Maria Hummel’s “Still Lives” is one of the smartest thrillers I’ve read in a long time.
In the book, Maggie Richter is an editor at the Roque, a museum in L.A. that is busy preparing for the opening night of artist Kim Lord’s exhibition, “Still Lives.” Each painting in “Still Lives” is a depiction of the artist as a famously murdered woman: Nicole Brown Simpson, “the Black Dahlia,” Kitty Genovese... The show is intended to serve as “an indictment of our culture’s obsession with sensationalized female murders.”
But Kim Lord doesn’t show up to her own gala.
As days go by and Kim remains missing, it begins to seem as though she may have become a victim herself. Blame is quickly placed on gallery owner Greg “Shaw” Ferguson, Kim’s current boyfriend and Maggie’s ex. Maggie doesn’t believe Greg is capable of foul play, but evidence found in the basement of his studio suggests otherwise. Could Greg have killed Kim? Or is someone trying to frame him? Maggie decides to take the investigation into her own hands... and puts her life in danger in the process.
“Still Lives” is a gripping page-turner, but it’s also more than that. I appreciate how Hummel--much like Kim Lord--used the art of storytelling to make me consider the ways in which our culture is complicit in violence against women. In the wake of the Me Too movement, I think a book like this is necessary. It prompts readers to look inward at how we view women and how we consume stories about violence against them.
I also loved that this novel brought me into the L.A. art world, and it was fascinating to get a glimpse of an art museum behind the scenes. Since Hummel worked as a writer and editor at L.A.’s Museum of Contemporary Art, she had the insider knowledge to make this story ring true. I also found myself wishing the exhibitions she described were real. They reminded me of how powerful art can be as a vehicle for social commentary, and as disturbing as many characters found Kim’s exhibition, I think it would be one I’d like to see.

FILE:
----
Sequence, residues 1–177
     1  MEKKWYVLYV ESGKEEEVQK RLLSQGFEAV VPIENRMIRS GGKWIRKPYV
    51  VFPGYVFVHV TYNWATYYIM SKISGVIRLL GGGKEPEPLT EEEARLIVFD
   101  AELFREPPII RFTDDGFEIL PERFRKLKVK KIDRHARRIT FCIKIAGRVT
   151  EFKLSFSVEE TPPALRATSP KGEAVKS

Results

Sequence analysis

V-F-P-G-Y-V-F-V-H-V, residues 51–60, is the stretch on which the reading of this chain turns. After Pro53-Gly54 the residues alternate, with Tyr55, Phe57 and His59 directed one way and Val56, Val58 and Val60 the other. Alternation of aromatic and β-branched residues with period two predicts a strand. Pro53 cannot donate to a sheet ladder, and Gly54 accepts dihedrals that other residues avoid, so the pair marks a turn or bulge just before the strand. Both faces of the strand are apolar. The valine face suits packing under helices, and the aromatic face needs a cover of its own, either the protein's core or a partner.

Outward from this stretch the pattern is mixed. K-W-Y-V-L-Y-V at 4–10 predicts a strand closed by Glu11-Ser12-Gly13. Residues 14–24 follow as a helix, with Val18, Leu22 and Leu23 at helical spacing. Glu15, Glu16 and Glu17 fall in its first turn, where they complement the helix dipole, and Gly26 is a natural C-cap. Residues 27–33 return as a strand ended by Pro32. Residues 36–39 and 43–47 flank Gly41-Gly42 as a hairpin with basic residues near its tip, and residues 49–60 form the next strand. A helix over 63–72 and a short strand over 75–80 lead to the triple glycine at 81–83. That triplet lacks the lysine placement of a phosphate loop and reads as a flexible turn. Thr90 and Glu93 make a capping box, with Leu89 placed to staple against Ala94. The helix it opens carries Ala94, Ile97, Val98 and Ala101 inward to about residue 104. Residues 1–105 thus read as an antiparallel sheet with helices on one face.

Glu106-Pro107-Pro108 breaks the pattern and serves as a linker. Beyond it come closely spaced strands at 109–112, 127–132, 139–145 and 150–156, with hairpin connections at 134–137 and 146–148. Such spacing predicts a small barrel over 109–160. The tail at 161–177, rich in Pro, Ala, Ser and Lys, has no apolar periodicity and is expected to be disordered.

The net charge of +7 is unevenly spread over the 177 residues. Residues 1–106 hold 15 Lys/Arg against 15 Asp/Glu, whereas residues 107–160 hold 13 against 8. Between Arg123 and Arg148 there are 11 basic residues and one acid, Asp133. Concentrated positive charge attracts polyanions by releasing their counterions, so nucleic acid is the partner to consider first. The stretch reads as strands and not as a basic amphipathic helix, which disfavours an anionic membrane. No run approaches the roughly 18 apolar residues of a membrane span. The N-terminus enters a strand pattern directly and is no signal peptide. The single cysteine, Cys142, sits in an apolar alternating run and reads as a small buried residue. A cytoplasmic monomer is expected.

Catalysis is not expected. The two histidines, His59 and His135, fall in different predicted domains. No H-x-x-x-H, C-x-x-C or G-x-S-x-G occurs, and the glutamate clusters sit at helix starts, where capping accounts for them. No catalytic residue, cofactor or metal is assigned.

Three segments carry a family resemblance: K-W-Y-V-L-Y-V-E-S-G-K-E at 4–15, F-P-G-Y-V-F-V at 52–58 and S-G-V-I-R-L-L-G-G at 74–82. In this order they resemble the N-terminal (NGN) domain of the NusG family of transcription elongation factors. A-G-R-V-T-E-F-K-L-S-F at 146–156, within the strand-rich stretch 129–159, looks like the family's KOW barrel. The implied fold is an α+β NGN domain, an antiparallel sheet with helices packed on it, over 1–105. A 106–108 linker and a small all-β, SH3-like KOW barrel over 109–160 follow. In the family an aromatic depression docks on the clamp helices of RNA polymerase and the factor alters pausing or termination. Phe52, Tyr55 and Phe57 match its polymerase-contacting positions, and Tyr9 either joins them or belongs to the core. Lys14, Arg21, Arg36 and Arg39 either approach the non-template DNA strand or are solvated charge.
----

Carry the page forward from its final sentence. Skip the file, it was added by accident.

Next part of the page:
If you like thrillers, you’ll like this book. Once I started reading “Still Lives,” I didn’t want to put it down. I often pride myself on my ability to solve the mystery in thrillers before the author connects the dots for me, yet Hummel was able to surprise me. But read at your own risk. I have to admit Hummel left me on edge, and I caught myself looking over my shoulder more than usual. What’s so terrifying about “Still Lives” is that it’s so real: Kim Lord may be a fictional character, but she’s added to a long list of women who are not.
Reviewer Adison Godfrey is a graduate assistant at WPSU.